The University of Sheffield is set to benefit from a new £1.5 million partnership launched between Goldman Sachs and Mind, which will provide mental health support in universities.

In the first partnership of its kind, the Mentally Healthy Universities programme will be delivered by Mind and will reach over 6,000 students and staff across the University of Sheffield and nine other universities in its first two years. The University of Sheffield’s involvement will take place in year two of the project, in 2020/21.

The programme will provide support and specialist training to complement existing University of Sheffield programmes, designed to equip the University community with the knowledge, skills and confidence to support their own mental health and that of others.

This includes resilience training for students and workplace wellbeing workshops for final year students who are about to graduate and transition into the workplace.

There is a growing recognition of the mental health challenges faced by the UK’s higher education sector.

According to the Higher Education Statistics Agency the number of students who disclosed a mental health condition almost doubled between 2012 and 2015 to nearly 45,000.

However, national figures suggest that mental health difficulties within higher education are currently underreported as just 1 in 125 students (0.8 per cent) and around 1 in 500 staff (0.2 per cent) have disclosed a mental health condition to their university.

Susan Bridgeford, Director of Student Support Services at the University of Sheffield, said: “The mental health of our students and staff is of the utmost importance to us so we’re delighted to be part of this new initiative, which will complement the support we already provide within our University community.

“We hope that by providing people with the tools and knowledge needed to support their mental health, we’ll be giving students the best university experience possible, as well as equipping students and staff with crucial life skills.”

Lindsay Doyle-Price from Sheffield Mind said: “We are really looking forward to working with the University of Sheffield and appreciate the commitment they have shown already to improving the mental wellbeing of their students. We will work closely with staff and students to enhance the support already provided, through a programme of specialist training and peer support. Through these interventions we  hope that staff and students will be better equipped to take care of their own mental health and also to support each other.”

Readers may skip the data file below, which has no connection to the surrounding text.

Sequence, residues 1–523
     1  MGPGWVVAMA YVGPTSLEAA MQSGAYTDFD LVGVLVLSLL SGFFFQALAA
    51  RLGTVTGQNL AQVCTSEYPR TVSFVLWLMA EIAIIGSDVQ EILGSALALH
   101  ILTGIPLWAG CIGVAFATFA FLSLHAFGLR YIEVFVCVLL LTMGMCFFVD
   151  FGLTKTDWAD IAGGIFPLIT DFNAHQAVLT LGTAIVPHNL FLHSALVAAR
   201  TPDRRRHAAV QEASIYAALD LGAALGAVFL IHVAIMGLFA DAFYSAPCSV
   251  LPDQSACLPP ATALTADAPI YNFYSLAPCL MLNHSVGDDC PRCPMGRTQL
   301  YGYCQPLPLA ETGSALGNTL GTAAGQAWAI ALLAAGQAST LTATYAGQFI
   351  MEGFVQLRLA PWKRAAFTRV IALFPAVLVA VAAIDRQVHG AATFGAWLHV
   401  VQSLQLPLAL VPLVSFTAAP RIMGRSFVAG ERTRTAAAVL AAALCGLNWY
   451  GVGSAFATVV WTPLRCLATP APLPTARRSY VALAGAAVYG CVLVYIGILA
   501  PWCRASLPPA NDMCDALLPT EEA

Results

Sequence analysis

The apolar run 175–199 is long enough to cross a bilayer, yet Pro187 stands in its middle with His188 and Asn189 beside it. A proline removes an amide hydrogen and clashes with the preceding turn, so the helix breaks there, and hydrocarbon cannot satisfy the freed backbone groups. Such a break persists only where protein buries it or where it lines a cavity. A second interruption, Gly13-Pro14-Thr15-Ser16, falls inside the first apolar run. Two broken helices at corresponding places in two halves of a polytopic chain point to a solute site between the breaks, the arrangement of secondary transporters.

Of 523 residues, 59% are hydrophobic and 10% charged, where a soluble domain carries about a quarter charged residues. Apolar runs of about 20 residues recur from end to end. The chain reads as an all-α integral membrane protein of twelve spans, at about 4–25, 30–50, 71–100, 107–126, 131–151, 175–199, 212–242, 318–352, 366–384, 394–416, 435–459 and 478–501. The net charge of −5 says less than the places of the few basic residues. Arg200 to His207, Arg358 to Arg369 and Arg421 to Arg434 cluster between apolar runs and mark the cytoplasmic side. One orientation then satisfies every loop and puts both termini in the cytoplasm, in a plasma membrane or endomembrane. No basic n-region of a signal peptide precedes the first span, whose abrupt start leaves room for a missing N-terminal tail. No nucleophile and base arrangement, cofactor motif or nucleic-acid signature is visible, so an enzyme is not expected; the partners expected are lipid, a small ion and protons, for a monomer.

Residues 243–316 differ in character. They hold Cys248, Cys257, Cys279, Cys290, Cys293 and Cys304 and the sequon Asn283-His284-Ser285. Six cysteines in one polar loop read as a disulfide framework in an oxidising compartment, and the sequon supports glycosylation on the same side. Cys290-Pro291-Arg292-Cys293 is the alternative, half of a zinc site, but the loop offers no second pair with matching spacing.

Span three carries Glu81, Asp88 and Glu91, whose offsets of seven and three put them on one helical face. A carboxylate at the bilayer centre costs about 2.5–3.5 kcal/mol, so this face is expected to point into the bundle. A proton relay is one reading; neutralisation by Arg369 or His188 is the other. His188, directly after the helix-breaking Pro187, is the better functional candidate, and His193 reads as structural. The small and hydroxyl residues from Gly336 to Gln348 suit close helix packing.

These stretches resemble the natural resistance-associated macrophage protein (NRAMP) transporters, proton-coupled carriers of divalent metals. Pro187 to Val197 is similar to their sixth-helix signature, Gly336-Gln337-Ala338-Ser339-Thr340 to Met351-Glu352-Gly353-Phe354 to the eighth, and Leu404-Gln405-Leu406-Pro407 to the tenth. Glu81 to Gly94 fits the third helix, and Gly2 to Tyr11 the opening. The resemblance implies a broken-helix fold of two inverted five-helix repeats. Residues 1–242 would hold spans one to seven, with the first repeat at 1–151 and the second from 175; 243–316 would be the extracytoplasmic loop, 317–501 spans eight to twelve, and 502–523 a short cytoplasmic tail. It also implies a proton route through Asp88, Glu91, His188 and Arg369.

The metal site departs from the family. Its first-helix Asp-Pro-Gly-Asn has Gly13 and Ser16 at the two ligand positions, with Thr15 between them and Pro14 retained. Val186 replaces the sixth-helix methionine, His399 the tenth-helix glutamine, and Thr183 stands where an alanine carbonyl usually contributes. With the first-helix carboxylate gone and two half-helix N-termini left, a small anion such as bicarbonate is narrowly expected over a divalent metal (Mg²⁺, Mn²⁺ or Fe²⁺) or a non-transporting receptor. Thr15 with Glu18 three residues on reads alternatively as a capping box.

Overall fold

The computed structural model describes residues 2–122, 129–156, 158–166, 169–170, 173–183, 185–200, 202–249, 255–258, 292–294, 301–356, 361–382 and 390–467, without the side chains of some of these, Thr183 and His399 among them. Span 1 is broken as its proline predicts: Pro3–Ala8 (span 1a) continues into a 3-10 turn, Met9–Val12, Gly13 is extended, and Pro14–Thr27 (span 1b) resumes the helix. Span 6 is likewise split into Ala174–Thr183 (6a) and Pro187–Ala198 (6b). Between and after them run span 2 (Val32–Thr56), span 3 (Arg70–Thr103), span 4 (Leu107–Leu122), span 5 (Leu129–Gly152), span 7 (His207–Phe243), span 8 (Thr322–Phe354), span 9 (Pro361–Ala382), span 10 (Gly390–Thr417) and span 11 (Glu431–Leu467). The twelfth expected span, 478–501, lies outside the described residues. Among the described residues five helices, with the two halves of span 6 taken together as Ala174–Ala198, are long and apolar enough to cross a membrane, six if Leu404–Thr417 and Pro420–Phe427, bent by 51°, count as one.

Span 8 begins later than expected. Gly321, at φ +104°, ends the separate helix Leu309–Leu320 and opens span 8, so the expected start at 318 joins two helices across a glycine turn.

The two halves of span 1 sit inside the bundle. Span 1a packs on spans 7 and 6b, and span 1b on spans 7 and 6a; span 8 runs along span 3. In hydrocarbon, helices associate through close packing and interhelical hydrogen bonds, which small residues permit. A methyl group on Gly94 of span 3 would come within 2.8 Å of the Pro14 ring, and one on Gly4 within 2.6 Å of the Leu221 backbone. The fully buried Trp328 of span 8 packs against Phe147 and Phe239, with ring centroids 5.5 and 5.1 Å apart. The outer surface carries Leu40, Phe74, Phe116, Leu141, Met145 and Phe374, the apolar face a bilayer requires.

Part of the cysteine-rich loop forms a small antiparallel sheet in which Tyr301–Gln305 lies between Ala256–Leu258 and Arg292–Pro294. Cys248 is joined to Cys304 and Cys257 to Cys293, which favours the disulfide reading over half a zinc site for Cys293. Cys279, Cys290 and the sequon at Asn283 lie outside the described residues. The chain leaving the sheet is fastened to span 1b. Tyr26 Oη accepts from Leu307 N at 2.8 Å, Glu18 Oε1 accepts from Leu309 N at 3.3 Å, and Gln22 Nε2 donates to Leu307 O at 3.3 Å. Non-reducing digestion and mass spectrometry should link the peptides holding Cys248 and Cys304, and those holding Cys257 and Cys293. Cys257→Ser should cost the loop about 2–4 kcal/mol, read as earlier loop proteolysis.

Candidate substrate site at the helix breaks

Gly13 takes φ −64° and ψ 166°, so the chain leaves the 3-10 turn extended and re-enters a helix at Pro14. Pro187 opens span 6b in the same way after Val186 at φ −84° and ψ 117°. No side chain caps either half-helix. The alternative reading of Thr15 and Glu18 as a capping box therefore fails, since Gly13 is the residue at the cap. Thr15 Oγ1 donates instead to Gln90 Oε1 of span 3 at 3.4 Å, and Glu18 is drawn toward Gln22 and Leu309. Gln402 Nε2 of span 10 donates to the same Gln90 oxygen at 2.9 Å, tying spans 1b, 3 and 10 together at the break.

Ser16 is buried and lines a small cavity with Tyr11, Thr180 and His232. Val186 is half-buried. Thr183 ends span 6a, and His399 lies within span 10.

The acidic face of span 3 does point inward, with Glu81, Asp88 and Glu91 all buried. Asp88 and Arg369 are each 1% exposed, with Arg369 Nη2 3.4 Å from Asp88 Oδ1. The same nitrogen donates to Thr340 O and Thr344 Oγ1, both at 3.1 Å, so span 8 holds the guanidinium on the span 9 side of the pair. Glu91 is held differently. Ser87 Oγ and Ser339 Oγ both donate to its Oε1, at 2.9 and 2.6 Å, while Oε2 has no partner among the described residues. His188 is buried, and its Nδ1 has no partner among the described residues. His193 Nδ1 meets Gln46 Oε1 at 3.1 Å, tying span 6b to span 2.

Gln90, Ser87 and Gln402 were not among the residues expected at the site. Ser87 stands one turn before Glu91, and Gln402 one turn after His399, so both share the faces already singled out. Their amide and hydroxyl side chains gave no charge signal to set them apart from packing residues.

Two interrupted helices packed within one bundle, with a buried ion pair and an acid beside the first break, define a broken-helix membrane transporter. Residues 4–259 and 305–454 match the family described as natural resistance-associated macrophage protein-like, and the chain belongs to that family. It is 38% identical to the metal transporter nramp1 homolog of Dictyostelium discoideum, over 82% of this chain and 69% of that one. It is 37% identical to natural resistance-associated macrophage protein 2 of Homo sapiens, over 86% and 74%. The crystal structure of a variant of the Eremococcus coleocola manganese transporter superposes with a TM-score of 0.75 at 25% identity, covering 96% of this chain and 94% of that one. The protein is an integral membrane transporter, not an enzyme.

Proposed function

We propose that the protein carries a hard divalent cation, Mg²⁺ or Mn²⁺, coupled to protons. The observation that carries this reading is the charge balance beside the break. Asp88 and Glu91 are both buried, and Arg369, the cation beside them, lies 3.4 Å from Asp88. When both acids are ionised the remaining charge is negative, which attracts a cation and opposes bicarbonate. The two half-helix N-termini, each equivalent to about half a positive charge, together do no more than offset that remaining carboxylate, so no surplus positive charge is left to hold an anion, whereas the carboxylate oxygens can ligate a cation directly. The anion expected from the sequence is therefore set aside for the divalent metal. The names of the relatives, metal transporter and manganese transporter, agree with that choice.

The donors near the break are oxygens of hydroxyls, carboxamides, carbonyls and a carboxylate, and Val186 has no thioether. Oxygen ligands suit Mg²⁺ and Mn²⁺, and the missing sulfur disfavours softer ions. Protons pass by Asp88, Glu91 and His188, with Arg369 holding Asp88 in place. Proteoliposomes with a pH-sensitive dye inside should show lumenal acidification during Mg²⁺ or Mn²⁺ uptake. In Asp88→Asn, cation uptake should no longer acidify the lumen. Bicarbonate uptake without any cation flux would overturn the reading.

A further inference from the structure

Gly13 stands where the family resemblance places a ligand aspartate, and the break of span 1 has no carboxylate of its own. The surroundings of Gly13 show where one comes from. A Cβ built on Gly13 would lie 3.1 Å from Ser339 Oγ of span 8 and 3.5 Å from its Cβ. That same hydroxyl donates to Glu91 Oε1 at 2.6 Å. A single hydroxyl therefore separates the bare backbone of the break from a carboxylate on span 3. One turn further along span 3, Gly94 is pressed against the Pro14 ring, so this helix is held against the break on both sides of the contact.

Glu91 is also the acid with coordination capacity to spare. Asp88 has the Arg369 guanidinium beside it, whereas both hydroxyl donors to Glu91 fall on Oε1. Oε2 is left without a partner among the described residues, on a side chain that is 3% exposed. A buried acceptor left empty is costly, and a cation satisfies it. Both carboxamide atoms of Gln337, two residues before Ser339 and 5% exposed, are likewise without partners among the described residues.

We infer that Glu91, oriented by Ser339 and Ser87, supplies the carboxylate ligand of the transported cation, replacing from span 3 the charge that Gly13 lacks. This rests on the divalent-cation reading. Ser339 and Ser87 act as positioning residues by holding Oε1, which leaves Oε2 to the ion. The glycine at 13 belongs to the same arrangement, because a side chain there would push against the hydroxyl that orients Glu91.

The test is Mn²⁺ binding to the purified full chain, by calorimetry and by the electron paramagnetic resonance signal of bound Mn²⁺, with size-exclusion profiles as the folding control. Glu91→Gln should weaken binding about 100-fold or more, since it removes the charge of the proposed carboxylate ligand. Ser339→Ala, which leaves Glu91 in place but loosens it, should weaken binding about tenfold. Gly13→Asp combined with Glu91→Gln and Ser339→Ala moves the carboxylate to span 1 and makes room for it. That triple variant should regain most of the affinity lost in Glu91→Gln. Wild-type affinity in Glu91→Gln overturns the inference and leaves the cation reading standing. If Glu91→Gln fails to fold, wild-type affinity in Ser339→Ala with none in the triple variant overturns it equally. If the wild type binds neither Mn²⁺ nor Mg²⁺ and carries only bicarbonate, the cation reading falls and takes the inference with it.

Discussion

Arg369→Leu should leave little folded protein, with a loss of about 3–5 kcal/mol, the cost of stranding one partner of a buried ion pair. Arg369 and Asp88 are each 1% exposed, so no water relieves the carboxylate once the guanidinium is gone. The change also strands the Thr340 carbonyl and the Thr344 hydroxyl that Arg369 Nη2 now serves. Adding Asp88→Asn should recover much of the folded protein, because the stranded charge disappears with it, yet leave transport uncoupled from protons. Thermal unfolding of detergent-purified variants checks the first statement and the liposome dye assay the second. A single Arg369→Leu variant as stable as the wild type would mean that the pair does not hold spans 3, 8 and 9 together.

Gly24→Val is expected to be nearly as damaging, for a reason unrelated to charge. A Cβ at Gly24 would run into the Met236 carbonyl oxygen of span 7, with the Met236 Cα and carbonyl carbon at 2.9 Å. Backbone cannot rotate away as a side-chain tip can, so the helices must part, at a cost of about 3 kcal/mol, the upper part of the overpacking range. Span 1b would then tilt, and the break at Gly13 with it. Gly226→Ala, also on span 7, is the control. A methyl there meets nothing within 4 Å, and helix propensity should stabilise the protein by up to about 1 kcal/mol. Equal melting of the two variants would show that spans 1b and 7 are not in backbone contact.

Goldman Sachs is a major recruiter of university graduates and its backing for the programme is part of broader efforts to improve mental health support in the workplace and wider communities.

With a focus on students in their first and final years of study, the programme will address transitional moments in students’ lives that can bring added challenges and pressures.

The programme is funded by Goldman Sachs Gives, a donor-advised fund for Goldman Sachs’ current and retired senior employees to recommend grants to qualifying non-profit organizations.

Richard Gnodde, CEO of Goldman Sachs International, said: “The transition through higher education and into the workforce is often a challenging and pressurised time in young people’s lives.

“We believe employers have an important role to play in changing attitudes towards mental health through providing support, resources and open conversation around an often stigmatized subject.

“We look forward to supporting Mind and these universities in launching this critical programme.”

Paul Farmer, Chief Executive of Mind, added: “We are really excited to be working with Goldman Sachs to better support thousands of university students and staff across England and Wales. We know that both students and staff face many pressures unique to the university environment. This timely opportunity allows us to deliver a programme that responds to the needs of university communities, building on good practice within the sector, to ensure everyone with a mental health problem receives support and respect.”